7.9

Ragnarok

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<i>Ragnarok</i>

Mikkel Brænne Sandemose’s sophomore feature-length movie follows on the tail of his bad luck debut of the entirely unnecessary slasher sequel, Cold Prey III. But his new adventure serial/creature feature, Ragnarok, is a not as much a giant step forward showcasing the director’s narrative capability and dazzling visual panache as it is a leap of mythological magnitude: It turns out Sandemose, having been given a second chance, demonstrates he could be the next in line for the Hollywood Big League potential of a Gareth Edwards or Neill Blomkamp.

Following the threat of his research grant being cut, archaeologist Sigurd Svendsen (Hagen) decides (perhaps a bit hastily) to kill two birds with one ancient stone of prophesy by bringing his morose tween daughter (Maria Annette Tanderød Berglyd) and precocious moppet son (Julian Rasmussen Podolski) along with him to Finland as he follows up independently searching for a lost Viking artifact cache after his buddy/colleague uncovers a crucial cipher. Fellow archaeologist/obvious mommy surrogate Elisabeth (Sofia Helin) and wilderness guide/obvious treacherous mercenary Leif (Hansel & Gretel: Witch Hunters’s Bjørn Sundquist) accompany them to spectacular caves nestled within breathtaking vistas of emerald mountains, and crisp woodlands so beautifully shot, one can practically smell the earthy perfume of decomposing leaves on the forest floor. Sandemose would be wise to foster a continued relationship with cinematographer Daniel Voldheim, a lenser whose work here could begin a stampede of tourism to these remote Scandinavian locations.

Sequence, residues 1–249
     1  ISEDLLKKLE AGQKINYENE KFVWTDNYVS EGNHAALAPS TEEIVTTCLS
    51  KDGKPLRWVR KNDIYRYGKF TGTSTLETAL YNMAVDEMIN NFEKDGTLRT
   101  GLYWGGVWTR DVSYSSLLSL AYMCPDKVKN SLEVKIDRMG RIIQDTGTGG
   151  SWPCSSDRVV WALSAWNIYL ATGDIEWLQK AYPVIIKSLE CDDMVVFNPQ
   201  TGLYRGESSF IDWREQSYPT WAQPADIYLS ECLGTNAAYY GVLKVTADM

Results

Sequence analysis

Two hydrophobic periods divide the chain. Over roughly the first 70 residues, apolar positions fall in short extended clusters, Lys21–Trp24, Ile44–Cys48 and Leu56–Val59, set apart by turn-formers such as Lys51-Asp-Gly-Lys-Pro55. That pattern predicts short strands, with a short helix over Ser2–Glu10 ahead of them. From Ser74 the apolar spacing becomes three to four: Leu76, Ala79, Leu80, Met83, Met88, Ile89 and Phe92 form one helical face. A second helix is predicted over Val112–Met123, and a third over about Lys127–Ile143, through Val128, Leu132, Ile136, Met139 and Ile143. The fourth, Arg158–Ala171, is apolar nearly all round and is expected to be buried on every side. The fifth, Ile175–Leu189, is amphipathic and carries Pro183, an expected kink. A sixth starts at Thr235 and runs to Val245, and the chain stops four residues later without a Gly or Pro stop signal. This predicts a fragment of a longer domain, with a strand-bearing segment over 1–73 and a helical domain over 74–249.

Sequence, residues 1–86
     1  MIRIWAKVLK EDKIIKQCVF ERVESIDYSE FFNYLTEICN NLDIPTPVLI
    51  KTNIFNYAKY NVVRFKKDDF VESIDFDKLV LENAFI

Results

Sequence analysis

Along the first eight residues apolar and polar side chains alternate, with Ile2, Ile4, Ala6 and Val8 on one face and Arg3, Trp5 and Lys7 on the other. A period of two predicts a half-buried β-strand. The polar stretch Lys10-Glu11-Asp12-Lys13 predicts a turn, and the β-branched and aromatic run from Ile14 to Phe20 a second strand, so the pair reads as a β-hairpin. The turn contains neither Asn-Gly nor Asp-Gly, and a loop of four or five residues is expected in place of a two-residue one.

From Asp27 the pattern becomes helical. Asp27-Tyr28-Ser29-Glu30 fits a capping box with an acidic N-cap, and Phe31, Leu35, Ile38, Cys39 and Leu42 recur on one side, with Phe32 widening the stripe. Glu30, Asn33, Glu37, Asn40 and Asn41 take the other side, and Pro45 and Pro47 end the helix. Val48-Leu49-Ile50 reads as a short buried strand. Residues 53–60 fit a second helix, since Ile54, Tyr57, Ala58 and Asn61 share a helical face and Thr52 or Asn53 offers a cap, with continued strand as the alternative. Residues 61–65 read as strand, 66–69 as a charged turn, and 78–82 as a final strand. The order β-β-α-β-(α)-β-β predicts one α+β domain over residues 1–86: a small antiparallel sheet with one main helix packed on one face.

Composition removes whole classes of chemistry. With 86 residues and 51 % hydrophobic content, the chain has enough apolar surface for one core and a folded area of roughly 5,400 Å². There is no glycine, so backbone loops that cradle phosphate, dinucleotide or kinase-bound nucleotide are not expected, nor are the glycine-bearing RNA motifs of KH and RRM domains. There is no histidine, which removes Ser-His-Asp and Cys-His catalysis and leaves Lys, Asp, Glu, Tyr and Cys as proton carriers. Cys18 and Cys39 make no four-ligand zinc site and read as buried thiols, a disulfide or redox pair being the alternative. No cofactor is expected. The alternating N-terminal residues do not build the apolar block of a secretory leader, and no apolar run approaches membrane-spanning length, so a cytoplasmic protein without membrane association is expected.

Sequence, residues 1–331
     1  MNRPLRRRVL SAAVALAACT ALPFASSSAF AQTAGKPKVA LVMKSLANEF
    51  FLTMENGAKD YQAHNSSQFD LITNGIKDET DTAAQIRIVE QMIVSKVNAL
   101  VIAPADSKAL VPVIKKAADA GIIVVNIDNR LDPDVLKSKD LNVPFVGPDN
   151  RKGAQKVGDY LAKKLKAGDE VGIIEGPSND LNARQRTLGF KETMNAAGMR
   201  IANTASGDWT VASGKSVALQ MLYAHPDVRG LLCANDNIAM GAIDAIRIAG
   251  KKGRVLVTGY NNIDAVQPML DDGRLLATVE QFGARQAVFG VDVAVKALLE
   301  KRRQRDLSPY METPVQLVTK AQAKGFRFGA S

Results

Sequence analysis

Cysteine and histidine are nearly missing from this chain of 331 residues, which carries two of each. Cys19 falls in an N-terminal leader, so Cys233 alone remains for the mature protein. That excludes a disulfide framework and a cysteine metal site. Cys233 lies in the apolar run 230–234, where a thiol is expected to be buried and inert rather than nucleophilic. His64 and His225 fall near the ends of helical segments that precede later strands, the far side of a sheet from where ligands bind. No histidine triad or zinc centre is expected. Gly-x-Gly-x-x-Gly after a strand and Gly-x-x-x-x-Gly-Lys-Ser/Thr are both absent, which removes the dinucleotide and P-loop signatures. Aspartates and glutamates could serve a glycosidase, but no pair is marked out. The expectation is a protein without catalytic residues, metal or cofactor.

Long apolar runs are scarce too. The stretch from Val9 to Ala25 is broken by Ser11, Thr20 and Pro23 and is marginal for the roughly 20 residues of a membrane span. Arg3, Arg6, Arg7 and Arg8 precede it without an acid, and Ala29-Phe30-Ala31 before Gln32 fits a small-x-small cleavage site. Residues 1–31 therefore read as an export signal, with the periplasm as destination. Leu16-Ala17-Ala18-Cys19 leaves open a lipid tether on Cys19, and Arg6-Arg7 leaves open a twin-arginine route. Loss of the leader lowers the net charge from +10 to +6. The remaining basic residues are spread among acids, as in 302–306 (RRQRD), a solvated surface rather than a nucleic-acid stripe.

While a visual dynamo, everything else about the story will feel familiar, even to casual movie audiences. This is not necessarily to its detriment—it’s achieved with better-than-the-minimum required competencies. A winning lead performance by Hagen elevates the second act’s giddy search-and-discovery with an infectious enthusiasm, making it easy for one to share in the thrill of finding buried treasure. (Ya know, for science.)

So what, then, that when Ragnarok transitions into straight-up monster movie halfway into act three, the audience has known exactly who the walking serpent chow was an hour prior? And that the “family is the real treasure here!” parallel predictably unfolds right on schedule? It’s accomplished with a technical proficiency that still manages to shake out a few thrills. (This includes one particularly hair-raising scene involving the explorers scrambling across a makeshift zipline over an angry, dragon-filled lake.) At its best, Sandemose’s film recalls early Speilbergian wonder and terror, and although it comes nowhere close to hitting marks as high as that legendary director at his peak, it’s a noteworthy impression.

Hats off to Sandemose in his second stint behind the camera—after whiffing his way through a cash-in horror sequel, he stepped back up to the plate. Ragnarok ain’t a home run, but it’s a solid double, and certainly enough to cause Hollywood scouts to raise an eyebrow.

Director: Mikkel Brænne Sandemose
Writer: John Kåre Raake
Starring: Pål Sverre Hagen, Nicolai Cleve Broch, Sofia Helin, Bjørn Sundquist
Release Date: Aug. 15th, 2014 (limited; VOD)